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California’s Green Dream Is Actually A Nightmare

Mark J Perry, Washington Examiner

Think the rest of the U.S. will avoid electricity shortages of the kind that have led to rolling blackouts recently in California? Don’t bet on it.

Not enough baseload power from fossil fuel and nuclear plants and an increasing reliance on intermittent renewable energy sources such as wind and solar across the country are likely to keep power failures in the national spotlight for years to come.

Even before the California crisis, repairing chronic defects in electricity markets from the West Coast to the Midwest, and New England was already seen as a priority. Now it is an absolute necessity, and it’s high time.

The trouble is that the U.S. electricity system is experiencing a period of wrenching disruption and sustained stress — the product of too many power plants shutting down and not enough new generating capacity being brought online to replace them. Every day brings news of new coal plant retirements. Some nuclear plants are barely hanging on. From a reliability standpoint, there’s nothing structurally wrong with these plants. There’s something seriously wrong with the markets in which they are operating, which do not value baseload capacity from natural gas, coal, and nuclear plants that can be dispatched when needed.

In California, wind and solar power were unrealistically expected to fill the supply gap, with natural gas plants as a backup. But that didn’t happen as planned. With the state and much of the West sweltering in an oppressive heat wave, the demand for electricity in California hit new records, more than 47,000 megawatts, according to the California Independent System Operator.Recommended For YouUnder Trump, Republicans are now the party of prison reform

The California Independent System Operator is responsible for keeping the lights on and the air conditioners humming while avoiding any blackouts. But as the electricity system approached its generating capacity, there wasn’t enough backup power from natural gas nor imported power from neighboring states such as Arizona and Nevada that are also seeing record demand. To prevent the system’s collapse from spreading throughout the West, the Independent System Operator ordered utilities to institute blackouts. The loss of power for an hour or two might seem like an inconvenience, but not for elderly people confined to their homes or those with medicines requiring refrigeration. Blackouts could become a growing problem in the months and years ahead, especially when no one is quite sure if the lights and air conditioning will stay on.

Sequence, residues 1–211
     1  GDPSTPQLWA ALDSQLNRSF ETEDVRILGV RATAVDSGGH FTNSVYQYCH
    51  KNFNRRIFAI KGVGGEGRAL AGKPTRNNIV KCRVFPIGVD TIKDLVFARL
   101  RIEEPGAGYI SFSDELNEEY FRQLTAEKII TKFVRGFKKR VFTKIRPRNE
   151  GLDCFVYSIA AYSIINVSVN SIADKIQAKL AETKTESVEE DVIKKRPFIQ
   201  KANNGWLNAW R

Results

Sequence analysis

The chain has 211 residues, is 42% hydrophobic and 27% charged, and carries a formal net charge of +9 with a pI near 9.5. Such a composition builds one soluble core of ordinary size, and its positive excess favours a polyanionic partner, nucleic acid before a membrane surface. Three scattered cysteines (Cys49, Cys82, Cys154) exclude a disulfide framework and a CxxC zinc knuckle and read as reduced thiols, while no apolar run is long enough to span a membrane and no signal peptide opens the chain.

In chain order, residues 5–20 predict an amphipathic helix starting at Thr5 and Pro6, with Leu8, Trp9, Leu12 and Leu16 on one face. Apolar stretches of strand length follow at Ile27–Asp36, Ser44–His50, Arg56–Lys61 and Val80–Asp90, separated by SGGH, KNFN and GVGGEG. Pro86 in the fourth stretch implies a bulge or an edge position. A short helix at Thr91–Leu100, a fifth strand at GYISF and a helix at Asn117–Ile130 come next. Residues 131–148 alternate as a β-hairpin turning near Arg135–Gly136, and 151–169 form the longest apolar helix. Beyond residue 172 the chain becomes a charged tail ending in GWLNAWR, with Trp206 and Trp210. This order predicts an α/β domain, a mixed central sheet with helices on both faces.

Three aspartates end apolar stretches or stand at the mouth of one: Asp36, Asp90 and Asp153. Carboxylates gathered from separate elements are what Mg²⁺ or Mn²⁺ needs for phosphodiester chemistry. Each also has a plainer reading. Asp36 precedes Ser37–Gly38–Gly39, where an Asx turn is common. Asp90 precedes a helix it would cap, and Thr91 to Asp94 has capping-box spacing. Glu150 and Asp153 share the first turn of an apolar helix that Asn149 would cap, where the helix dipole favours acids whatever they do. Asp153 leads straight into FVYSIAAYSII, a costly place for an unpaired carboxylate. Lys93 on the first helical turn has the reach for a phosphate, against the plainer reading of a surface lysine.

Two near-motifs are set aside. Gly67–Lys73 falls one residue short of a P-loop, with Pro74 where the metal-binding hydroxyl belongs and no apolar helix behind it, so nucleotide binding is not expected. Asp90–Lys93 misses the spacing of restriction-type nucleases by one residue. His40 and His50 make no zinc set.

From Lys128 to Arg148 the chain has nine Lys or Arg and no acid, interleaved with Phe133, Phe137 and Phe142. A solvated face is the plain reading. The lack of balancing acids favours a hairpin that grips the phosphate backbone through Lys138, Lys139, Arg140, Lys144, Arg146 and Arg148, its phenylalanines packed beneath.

California’s predicament was hardly unforeseen, nor is it exceptional. In Texas, during a heat wave in the summer of 2018, wholesale prices on Texas’s electricity market spiked from their normal range of $20 to $30 per megawatt-hour to their market cap of $9,000. Wind turbines supply nearly 20% of Texas’s power. The Texas system came close to entering emergency operations as its reserve margin of generating capacity evaporated under sweltering heat, and the state’s wind turbines stopped turning in the still air.

The shift away from baseload power generated from natural gas, coal, and nuclear, happening across the country, is undermining the reliability and resiliency of the nation’s electricity system. It’s putting dependable electric power at risk because solar or wind energy can’t be clicked up or down. Whenever solar and wind power have come to provide a sizable share of the power (in California, it’s now more than 30%), reliability challenges have followed. But in the green fantasy world, environmentalists somehow think that a system built on solar panels and windmills could magically supply 80% of the demand for electricity.

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